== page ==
Today I baked another loaf using the following formula@ 90% hydration excluding the porridge :

30% pearl barley flour                                             

30% sprouted white wheat flour                           

40% whole white wheat flour                                             



10% basmati rice  

60% water                                                                       

20% toasted soya powder


The procedures are pretty much the same as the previous two recipes.

My starter is half whole wheat half whole rye. I feed it weekly and let it rise to 1.5 times of the original size at room temperature before refrigerating.

Thanks a lot!                                                



alfanso's picture

hi Elsie,

Joze posted his barley bread here a few months ago. And had no issues with rise or oven spring or or or...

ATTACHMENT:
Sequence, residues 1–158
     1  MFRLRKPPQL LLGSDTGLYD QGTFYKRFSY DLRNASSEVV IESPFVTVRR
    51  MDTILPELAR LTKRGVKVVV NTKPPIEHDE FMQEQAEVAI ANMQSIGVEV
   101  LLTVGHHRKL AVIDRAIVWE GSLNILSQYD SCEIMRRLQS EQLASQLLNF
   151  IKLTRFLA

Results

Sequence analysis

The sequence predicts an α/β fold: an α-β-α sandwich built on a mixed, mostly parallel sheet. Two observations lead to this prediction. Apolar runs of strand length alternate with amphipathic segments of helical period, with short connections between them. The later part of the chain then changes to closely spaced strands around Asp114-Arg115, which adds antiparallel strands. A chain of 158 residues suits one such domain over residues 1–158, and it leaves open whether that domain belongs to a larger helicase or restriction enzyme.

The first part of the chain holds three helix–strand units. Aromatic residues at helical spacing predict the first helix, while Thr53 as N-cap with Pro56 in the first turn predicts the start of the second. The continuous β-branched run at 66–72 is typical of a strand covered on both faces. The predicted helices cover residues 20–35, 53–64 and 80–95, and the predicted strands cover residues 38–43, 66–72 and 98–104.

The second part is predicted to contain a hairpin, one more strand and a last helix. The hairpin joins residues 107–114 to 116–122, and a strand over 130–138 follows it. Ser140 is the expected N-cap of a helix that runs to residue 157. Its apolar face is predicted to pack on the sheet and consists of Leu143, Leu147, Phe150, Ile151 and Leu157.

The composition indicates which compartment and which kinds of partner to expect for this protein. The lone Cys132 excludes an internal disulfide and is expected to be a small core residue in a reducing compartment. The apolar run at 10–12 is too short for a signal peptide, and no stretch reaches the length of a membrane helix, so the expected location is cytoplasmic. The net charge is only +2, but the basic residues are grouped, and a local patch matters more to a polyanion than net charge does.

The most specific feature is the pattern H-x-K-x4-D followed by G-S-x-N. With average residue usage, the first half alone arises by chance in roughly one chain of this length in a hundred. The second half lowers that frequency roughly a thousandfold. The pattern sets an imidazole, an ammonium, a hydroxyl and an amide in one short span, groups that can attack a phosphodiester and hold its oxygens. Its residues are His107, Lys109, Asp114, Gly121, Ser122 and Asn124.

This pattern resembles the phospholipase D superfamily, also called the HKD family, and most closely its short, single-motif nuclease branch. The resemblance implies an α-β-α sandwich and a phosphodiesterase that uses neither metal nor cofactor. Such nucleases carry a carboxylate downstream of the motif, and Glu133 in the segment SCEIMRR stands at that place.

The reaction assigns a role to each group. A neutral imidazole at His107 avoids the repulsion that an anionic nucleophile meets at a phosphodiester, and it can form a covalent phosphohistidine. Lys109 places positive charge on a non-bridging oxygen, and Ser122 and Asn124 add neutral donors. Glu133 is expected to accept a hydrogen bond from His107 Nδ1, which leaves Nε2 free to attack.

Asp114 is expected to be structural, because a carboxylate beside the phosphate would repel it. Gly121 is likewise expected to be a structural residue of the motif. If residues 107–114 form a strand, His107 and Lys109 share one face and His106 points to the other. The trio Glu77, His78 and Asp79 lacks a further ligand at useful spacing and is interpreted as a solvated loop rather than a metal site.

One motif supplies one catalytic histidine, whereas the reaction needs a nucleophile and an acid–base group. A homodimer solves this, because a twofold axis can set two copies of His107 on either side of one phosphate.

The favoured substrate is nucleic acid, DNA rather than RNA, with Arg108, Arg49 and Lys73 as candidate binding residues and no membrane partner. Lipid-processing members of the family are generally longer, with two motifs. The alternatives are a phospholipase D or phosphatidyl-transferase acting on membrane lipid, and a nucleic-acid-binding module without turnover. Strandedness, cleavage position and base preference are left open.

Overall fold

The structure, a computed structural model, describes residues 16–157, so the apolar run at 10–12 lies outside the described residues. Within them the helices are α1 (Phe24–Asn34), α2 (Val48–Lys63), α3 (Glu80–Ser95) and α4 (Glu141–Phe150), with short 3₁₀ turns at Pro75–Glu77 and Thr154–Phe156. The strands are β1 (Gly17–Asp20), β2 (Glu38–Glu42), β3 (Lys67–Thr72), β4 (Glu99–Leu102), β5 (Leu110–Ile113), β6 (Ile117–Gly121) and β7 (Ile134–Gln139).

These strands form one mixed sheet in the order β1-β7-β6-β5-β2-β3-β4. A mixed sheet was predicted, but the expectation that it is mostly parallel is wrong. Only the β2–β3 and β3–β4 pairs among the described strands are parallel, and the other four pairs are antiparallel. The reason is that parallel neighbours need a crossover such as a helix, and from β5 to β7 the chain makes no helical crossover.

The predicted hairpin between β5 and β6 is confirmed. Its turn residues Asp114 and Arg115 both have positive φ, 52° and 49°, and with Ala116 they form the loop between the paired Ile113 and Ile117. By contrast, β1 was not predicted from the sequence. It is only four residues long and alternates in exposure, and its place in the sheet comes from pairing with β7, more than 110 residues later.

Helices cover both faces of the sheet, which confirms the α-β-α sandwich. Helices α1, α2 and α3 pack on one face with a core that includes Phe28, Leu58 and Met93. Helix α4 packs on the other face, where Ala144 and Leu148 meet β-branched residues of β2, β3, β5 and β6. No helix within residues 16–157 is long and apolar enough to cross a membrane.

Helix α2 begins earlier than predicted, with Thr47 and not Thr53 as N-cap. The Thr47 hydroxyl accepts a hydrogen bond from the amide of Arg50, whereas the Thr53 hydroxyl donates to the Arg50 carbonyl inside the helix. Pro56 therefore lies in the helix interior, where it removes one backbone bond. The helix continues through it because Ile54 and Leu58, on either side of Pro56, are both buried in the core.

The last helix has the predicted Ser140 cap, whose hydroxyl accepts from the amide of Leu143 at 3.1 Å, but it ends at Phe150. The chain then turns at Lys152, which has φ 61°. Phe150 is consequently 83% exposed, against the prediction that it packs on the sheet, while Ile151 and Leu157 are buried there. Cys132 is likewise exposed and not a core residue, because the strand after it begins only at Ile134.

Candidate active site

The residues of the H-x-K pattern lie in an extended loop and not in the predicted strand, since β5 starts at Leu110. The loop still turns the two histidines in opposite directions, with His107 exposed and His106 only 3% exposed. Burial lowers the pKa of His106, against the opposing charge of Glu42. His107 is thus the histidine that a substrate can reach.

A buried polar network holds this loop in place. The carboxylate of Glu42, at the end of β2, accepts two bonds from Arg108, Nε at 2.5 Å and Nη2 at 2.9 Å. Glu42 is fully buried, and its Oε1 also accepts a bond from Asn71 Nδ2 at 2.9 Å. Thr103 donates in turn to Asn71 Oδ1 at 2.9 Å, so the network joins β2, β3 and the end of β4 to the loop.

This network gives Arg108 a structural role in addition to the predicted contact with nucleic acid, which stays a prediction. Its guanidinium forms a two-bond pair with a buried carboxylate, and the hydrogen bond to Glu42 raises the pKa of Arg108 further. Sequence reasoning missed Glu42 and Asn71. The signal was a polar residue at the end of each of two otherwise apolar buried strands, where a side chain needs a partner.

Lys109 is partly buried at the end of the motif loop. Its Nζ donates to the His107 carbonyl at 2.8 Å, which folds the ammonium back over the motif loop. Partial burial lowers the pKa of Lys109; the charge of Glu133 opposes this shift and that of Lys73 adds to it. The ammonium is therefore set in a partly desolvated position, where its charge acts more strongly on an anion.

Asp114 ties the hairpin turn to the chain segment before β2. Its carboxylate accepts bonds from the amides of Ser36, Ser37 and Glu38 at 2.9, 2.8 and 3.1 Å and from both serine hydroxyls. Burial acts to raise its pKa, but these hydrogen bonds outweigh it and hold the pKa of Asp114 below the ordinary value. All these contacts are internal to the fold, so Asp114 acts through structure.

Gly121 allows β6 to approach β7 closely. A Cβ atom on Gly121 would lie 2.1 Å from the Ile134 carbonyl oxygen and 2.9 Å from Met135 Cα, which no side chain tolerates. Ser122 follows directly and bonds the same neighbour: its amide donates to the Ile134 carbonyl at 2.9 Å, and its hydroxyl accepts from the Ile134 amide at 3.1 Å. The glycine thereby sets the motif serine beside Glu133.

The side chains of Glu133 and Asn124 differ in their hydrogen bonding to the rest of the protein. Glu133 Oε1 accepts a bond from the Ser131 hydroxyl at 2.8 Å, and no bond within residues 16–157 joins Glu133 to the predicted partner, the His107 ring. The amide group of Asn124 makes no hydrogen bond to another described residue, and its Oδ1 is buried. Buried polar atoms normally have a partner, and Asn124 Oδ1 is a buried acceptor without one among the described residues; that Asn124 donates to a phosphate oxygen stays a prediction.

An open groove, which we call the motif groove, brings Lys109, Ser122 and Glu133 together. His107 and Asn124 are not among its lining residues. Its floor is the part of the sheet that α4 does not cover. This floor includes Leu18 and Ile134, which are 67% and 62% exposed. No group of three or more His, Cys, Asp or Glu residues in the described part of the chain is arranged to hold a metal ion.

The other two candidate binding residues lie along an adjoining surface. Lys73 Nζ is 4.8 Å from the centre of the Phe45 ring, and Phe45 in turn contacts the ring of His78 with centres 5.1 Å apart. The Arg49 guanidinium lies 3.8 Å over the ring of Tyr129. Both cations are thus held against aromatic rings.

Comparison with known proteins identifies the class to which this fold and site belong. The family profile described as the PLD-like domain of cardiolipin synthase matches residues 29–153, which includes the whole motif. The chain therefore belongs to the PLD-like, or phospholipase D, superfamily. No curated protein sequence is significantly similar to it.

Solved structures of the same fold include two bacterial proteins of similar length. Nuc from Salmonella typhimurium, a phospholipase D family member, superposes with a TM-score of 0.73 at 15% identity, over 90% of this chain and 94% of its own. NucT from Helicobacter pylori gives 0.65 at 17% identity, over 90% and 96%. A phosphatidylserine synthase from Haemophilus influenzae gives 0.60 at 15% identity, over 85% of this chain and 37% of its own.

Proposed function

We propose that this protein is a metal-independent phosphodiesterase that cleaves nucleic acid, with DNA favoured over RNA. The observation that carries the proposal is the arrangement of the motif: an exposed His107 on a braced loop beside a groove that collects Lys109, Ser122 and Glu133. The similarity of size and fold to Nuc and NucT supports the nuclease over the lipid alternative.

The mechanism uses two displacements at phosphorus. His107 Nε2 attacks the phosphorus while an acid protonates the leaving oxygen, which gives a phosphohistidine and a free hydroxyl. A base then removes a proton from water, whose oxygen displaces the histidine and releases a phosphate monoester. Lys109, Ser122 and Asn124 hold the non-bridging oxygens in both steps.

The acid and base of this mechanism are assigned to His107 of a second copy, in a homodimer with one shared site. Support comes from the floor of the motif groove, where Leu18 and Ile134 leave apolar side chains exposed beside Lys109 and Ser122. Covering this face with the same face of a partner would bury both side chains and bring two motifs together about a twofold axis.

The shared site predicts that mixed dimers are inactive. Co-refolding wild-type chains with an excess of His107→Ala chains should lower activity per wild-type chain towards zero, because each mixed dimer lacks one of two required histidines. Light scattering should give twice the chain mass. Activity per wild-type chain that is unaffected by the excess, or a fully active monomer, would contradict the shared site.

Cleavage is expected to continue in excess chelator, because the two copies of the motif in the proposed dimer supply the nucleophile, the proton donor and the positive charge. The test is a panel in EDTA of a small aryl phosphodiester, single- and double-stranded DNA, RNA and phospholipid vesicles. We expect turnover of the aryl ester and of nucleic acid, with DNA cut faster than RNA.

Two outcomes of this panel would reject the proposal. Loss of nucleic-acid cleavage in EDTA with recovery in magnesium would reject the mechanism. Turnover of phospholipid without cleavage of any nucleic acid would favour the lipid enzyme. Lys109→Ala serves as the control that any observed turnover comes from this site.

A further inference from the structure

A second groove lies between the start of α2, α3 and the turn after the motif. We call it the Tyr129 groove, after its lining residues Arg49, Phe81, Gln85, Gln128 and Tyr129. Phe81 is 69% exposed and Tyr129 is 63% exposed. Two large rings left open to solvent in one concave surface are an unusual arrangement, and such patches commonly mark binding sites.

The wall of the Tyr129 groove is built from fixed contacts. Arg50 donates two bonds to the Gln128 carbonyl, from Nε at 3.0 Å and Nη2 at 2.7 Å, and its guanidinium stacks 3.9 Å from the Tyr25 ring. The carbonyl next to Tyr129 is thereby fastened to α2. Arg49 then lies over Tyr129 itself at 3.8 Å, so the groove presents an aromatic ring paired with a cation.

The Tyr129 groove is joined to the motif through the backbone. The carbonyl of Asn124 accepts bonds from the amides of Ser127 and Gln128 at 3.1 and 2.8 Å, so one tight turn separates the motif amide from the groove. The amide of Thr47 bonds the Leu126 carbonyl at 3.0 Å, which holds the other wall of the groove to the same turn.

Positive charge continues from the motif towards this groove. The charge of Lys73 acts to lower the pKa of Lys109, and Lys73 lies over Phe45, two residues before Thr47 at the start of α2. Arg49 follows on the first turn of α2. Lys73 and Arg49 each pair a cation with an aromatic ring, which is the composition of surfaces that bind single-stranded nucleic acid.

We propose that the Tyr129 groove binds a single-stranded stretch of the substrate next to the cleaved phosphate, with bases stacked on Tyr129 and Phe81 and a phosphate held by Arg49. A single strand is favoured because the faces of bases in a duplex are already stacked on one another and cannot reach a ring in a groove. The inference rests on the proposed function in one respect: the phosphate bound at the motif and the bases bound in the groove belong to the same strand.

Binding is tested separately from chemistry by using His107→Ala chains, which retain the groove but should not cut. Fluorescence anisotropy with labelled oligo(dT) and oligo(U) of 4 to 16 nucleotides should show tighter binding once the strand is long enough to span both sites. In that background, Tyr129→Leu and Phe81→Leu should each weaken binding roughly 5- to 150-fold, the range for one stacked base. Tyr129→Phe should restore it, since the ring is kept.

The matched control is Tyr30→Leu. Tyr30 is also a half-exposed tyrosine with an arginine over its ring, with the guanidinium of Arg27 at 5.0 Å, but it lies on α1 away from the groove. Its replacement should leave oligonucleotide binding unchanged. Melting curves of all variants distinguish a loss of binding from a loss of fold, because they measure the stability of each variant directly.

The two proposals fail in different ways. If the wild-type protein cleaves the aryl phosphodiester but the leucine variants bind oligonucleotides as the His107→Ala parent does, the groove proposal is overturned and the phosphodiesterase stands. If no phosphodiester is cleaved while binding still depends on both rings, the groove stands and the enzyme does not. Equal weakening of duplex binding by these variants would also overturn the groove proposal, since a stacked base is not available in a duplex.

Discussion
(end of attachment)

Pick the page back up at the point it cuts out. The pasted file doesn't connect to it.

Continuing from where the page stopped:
I also did this as baguettes (surprised?), without issues  

According to lechem/Abe, who seems to be well versed in barley, as well as my singular experience, the grain takes a high hydration as it is a thirsty one.


Elsie_iu's picture

I actually read both Joze's and your posts some times ago. In fact, Joze's post was what inspired me to try barley flour. Yet, I somehow forgot about his recipe when I finally tried it myself... Silly me! 

The key here seems to be carrying out a very brief bulk fermentation, only let the dough rise for a bit then retard directly. Autolyse should probably be skipped as well. 

The hydration isn't really an issue for me as I tend to over-hydrate...

And I wasn't the least bit surprised that you used Joze's formula for baguettes. After all, baguettes are your expertise :) Thanks so much for the reminder!


dabrownman's picture